Report points out need to reform and presents a list of recommendations
Human Rights Committee 25 June, 2010 - Former convicts should be entitled to security clearance certificates, so that they are not deprived of the opportunity to start a new life, according to the national assembly’s (NA) human rights committee.
Presenting the report yesterday, the chairman of the committee, Gasa MP Damcho Dorji said that ex-convicts could be compelled to resort to more crimes, when they are deprived of the opportunity of employment or starting a business. “Unless absolutely necessary, in the interest of the sovereignty and security of the country, ex-convicts should be given the certificate,” said the chairmen.
However, the assembly did not take any decision on the issue. The committee, which toured some detention centres and jails in the country, presented their observations and suggested a long list of improvements, starting from infrastructure to facilities, to the need for separate prisons for men and women.
Damcho Dorji pointed out that overcrowding of inmates was common in most jails. “Overcrowded detention centres and jails pose a risk to the health and hygiene of the inmates,” he said. The Chamgang jail holds 426 prisoners to its capacity of 296. The Thimphu district has more than double its capacity and, when the committee visited the detention centre in Thimphu, the centre had 62 detainees, six more than the capacity. The centre also did not have proper ventilation.
The committee also reported that there is a need for separate prisons for women and juveniles, introduction of security gadgets, conjugal rooms in prisons, toilet facilities and separate space, to serve as classrooms for those, who take part in non-formal education program.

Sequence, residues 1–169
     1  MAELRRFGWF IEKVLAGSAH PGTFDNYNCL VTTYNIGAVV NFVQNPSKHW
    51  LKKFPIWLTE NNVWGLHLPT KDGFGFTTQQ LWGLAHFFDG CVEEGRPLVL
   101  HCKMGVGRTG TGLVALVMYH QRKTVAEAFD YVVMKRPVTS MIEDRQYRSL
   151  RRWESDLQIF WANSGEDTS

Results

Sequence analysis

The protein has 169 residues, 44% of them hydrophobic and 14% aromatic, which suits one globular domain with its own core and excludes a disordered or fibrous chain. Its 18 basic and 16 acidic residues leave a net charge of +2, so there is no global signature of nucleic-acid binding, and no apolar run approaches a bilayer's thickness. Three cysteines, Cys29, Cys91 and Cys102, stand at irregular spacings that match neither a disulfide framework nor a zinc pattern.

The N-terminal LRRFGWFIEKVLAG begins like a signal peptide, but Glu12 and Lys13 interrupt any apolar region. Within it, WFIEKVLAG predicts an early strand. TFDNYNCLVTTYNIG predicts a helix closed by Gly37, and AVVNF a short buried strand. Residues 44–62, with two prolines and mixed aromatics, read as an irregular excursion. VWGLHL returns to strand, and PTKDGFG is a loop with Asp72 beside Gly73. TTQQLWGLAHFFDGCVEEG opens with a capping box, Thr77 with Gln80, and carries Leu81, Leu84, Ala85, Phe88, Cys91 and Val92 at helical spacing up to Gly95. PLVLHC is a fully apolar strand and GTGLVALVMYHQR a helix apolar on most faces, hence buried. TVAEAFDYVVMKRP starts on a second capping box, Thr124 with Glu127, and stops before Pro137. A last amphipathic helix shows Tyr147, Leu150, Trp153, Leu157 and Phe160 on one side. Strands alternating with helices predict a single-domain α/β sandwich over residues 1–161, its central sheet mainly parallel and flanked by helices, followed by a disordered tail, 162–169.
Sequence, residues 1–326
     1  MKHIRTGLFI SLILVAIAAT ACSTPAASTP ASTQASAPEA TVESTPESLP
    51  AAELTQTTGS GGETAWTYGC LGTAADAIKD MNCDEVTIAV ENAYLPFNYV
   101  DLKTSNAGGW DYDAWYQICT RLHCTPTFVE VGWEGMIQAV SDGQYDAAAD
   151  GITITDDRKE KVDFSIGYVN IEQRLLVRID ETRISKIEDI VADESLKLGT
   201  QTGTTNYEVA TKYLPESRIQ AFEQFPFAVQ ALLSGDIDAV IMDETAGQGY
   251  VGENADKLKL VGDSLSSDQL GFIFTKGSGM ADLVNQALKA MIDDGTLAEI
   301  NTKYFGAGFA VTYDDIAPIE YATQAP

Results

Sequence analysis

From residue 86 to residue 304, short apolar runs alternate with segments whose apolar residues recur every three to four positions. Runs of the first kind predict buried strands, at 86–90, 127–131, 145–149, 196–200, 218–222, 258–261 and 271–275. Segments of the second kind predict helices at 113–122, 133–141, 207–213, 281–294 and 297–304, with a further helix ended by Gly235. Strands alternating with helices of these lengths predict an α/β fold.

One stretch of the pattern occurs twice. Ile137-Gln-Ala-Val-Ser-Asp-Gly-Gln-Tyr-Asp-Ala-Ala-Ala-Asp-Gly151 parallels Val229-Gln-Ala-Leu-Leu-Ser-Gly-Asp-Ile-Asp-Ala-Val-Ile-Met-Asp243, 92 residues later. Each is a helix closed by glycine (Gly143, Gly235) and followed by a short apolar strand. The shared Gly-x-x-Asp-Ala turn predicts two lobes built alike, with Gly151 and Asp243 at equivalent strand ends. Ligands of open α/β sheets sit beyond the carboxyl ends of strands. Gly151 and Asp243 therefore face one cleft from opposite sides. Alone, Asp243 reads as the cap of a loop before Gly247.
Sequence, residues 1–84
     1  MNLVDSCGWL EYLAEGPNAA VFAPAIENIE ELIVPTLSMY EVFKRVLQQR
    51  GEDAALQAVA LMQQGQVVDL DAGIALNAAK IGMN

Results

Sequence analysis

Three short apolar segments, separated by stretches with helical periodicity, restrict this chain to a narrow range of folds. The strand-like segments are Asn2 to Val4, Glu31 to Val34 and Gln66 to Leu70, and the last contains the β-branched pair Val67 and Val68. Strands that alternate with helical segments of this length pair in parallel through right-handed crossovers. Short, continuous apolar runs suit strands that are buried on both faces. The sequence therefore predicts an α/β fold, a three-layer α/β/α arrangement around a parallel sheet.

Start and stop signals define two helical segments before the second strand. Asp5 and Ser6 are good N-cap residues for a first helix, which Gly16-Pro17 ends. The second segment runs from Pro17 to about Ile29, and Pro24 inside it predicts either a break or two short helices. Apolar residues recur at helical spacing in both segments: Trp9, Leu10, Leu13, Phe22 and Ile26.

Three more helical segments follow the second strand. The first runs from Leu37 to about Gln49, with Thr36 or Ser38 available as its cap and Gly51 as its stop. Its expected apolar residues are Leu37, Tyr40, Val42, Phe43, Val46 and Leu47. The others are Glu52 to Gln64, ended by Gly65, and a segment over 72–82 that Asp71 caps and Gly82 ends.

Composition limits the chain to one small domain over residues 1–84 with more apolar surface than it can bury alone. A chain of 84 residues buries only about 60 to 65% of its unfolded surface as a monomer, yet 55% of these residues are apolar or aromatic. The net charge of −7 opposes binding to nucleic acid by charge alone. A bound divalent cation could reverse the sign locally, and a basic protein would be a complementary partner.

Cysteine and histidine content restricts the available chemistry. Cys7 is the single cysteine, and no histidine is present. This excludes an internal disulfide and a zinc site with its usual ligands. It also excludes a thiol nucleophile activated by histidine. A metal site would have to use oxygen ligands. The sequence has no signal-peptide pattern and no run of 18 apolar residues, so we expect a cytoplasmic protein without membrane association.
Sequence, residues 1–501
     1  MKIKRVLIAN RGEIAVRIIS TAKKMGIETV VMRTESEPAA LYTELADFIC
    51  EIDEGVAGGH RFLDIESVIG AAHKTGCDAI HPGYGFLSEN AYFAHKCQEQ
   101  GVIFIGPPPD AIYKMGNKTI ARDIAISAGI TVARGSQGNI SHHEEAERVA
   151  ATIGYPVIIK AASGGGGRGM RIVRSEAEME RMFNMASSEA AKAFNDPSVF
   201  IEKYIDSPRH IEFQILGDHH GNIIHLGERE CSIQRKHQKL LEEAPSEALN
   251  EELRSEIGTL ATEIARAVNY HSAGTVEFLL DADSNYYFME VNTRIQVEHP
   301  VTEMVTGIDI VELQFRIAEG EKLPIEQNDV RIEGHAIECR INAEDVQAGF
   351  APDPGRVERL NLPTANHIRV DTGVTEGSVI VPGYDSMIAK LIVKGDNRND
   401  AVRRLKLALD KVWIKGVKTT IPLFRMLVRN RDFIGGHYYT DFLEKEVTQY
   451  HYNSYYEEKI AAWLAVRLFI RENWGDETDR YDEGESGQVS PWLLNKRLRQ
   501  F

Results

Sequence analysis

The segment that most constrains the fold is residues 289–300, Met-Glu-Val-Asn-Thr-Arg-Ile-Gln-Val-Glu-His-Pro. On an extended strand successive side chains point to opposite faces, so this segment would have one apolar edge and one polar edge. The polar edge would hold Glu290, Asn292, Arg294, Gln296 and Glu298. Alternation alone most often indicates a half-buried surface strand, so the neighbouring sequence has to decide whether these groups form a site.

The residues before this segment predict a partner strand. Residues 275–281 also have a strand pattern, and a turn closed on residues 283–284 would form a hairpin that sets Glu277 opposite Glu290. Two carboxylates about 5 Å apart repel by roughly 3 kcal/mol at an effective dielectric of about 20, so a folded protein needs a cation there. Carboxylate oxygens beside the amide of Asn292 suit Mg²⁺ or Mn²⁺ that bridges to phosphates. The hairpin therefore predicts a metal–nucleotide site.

The chairperson said there has been tremendous progress in the protection and promotion of human rights, with other developments, but said that, due to lack of attached toilet facilities, some of the inmates use buckets provided in each room to be used at night.
The need for reformative activities, like vocational and reformatory activities, introduction of distance education for school dropout convicts, and professional counselling for inmates, particularly drug, alcoholic addicts and HIV patients, was also reflected in the report.
Damcho Dorji said that there is a problem of medical treatment of prisoners, due to lack of sufficient troops in the jail division of the RBP to take sick inmates to hospital. The report also reflected on the need for undergarments, vest, slippers, sanitary napkins for those, who cannot afford, more information material, and TVs and outdoor games for inmates.
Deliberating on the report, home minister, Lyonpo Minjur Dorji said that plans are being formulated to rehabilitate the prisoners, and a new reformatory jail is under construction at Dolamgang, Gelephu, and a model police station at Thimphu is in the pipeline.
The report also recommended to create separate budget for jails, instead of clubbing it with the royal Bhutan police budget, to carry out reformative activities, and suggested the government to establish a separate jail department and a central forensic lab in the country.
Meanwhile, most MPs supported the observations and said that improving the jail conditions would not incur much expenditure. The national assembly Speaker, Jigme Tshiltim said that the conditions of the jails should be improved, and told the assembly to look into improving the conditions and submit a report next year. The tshogpon said that the committee should present a yearly report on the human rights in Bhutan.
As of April 30, there are 1,078 prisoners against the total prison capacity of 846 in the country. There are currently eight jails in the country, with the central jail at Chamgang, Thimphu and five district jails, one dungkhag jail, an armed force jail and a youth rehabilitation centre.
By Yangchen C Rinzin